CJEU finds that the controversial Article 17 of the Digital Single Market Directive (formerly Article 13) is compatible with freedom of expression – but seems to close the door to indiscriminate use of upload filters by content platforms
In a judgment of 26 of April the European Court of Justice dismissed an action brought by Poland against Article 17 of the directive on copyright and related rights in the Digital Single Market (the “Directive”).
The Republic of Poland had requested the annulment of Article 17 of Directive 2019/790 on grounds that it would impose a de facto obligation on Web 2.0 service providers (such as Youtube or Facebook) to use upload filters, which would be fundamentally incompatible with the freedom of expression and information guaranteed in the Charter of Fundamental Rights of the European Union (the “Charter”).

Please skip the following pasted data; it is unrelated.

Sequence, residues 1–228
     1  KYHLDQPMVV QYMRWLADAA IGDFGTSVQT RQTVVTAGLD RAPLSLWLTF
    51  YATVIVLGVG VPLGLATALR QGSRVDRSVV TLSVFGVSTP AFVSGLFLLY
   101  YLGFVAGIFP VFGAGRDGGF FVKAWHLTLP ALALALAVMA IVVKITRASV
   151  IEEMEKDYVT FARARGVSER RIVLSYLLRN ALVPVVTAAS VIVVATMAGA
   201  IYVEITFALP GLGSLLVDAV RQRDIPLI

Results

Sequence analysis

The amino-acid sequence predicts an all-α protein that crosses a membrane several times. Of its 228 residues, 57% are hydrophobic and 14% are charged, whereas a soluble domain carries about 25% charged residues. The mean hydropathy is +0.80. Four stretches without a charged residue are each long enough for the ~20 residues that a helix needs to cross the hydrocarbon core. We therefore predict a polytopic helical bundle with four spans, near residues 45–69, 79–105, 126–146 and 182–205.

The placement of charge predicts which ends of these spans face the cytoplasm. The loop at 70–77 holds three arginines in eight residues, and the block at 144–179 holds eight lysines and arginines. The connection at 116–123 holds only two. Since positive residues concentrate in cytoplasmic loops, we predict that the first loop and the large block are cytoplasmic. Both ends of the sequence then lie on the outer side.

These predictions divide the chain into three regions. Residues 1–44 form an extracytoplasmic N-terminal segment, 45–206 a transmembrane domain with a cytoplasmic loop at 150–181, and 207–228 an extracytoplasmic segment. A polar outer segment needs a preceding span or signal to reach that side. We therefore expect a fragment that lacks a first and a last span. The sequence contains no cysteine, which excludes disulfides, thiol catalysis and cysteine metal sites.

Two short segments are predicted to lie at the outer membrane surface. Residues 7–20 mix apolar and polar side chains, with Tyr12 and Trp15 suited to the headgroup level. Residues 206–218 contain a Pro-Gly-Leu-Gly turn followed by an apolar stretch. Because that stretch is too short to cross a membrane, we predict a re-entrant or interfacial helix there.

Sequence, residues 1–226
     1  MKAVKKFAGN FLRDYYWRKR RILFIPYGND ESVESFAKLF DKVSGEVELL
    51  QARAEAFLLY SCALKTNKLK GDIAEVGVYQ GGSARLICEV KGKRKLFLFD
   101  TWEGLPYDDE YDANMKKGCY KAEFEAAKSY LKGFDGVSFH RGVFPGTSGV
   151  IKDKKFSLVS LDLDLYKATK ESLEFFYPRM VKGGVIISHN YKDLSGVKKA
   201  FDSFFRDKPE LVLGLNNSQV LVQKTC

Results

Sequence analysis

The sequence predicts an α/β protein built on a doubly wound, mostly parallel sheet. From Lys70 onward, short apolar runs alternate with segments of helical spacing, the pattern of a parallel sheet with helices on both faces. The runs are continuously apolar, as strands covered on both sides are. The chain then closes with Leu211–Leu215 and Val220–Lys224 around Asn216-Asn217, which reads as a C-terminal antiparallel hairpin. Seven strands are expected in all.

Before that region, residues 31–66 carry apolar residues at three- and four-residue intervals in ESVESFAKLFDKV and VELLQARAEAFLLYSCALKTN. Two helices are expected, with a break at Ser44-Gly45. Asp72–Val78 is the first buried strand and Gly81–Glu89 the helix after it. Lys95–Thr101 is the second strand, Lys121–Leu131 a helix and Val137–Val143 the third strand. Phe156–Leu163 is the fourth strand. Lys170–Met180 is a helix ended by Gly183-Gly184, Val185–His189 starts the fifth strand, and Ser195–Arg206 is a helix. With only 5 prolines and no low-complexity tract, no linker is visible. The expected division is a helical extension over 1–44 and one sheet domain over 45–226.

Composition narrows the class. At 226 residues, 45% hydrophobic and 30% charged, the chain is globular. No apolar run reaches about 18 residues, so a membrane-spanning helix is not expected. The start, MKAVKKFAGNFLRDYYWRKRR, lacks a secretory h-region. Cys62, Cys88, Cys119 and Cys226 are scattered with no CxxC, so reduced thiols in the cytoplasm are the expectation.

The Court has found that Article 17 includes necessary safeguards to ensure that that it is compatible with the freedom of expression and information, but has also stated that certain filtering systems that do not distinguish between unlawful content and lawful content, with the result that its introduction could lead to the blocking of lawful communications, would be incompatible with the right to freedom of expression and information, and that Member States, when transposing Article 17 of the Directive, must act on the basis of an interpretation of that provision which allows a fair balance to be struck between the various fundamental rights protected by the Charter.
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[Photo by: Kane Reinholdtsen, available at unsplash.com]